The closest point to space on Earth is not Mount Everest. Rather it is Mount Chimborazo, a 20,000 plus foot mountain in the Andes.
All of those that have bravely climbed Mount Everest might have done so in vain – they weren’t climbing the world’s highest mountain after all, according to scientists.
The Himalayan mountain is actually beaten by Chimborazo, in Ecuador. But Everest still wins on the traditional metrics: it’s nearly 9,000m above sea level, thousands more than any of its closest rivals.
But it’s not actually the furthest up, or the closest to space. Ecuador’s mountain tops it on that measure, and it’s all because of the Earth’s funny shape.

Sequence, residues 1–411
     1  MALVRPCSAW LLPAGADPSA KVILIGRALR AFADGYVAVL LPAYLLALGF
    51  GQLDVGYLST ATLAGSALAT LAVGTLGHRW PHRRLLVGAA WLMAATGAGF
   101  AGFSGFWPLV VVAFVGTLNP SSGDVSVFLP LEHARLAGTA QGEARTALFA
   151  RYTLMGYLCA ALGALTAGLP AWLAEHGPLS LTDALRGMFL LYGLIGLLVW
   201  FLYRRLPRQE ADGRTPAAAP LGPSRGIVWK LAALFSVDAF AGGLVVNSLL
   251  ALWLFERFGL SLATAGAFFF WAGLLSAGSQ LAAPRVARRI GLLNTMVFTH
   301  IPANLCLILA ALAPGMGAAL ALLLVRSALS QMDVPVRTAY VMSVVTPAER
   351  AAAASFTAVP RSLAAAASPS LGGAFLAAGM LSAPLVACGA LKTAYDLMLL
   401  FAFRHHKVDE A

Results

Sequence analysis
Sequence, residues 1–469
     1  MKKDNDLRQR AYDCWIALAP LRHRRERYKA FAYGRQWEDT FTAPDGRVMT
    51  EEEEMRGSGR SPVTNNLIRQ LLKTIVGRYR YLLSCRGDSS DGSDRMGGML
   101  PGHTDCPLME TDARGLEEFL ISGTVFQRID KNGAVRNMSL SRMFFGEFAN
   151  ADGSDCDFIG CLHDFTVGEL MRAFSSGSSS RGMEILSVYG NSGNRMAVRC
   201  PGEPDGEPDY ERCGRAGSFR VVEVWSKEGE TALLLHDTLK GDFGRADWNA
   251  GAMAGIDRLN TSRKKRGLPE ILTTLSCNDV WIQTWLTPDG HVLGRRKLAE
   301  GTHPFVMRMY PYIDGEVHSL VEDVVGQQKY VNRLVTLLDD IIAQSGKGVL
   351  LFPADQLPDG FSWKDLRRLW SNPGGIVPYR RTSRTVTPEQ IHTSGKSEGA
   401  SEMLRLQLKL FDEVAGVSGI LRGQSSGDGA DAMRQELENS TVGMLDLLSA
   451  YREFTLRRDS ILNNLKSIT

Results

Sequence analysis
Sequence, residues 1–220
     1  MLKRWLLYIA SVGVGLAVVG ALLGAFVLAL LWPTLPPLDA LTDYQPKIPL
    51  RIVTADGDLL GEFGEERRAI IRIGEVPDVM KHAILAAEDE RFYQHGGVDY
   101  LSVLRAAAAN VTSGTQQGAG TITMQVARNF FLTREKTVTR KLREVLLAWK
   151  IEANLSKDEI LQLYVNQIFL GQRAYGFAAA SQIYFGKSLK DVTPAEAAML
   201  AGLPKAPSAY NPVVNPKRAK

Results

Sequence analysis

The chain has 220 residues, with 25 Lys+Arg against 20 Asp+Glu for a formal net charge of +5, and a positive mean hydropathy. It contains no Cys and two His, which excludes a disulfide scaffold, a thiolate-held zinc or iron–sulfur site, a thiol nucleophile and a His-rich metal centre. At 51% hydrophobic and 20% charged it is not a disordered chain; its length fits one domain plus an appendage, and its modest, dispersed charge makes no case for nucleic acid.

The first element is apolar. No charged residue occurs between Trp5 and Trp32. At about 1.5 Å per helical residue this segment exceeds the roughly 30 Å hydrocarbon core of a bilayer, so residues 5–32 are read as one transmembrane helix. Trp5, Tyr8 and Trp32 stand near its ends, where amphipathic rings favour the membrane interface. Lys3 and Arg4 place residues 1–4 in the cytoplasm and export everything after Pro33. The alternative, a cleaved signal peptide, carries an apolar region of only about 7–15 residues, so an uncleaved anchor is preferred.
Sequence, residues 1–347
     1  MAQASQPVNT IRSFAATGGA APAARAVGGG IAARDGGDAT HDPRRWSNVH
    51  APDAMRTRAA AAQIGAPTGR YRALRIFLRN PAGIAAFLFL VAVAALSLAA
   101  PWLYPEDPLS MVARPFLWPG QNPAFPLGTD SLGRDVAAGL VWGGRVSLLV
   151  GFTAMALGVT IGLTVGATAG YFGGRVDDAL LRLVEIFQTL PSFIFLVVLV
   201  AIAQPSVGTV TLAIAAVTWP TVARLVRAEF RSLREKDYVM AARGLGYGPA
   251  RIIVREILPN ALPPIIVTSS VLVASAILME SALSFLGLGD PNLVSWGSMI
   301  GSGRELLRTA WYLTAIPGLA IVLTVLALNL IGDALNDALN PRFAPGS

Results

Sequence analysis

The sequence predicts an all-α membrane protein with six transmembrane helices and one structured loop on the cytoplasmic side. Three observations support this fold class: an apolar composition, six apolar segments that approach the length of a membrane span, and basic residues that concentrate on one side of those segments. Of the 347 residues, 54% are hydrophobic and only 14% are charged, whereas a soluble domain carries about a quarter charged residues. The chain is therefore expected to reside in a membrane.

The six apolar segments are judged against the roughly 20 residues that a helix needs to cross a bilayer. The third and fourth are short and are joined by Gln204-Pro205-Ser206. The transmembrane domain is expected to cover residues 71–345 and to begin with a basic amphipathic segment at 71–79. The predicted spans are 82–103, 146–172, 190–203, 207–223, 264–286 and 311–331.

Everest only wins when measured from sea level. But if instead, you measure out from the center of the Earth, Chimborazo wins easily – and Everest wouldn’t even get into the top 20 mountains.
The results come because the Earth isn’t a perfect sphere, but a squashed one that is flattened at the top and bottom and bulges out slightly in the middle.
That shape gives an advantage to any mountains that happen to lie along the equator. And Chimborazo is a beneficiary of that – it’s very close to the Earth’s bulging middle, while Everest is about a third of the way towards the top.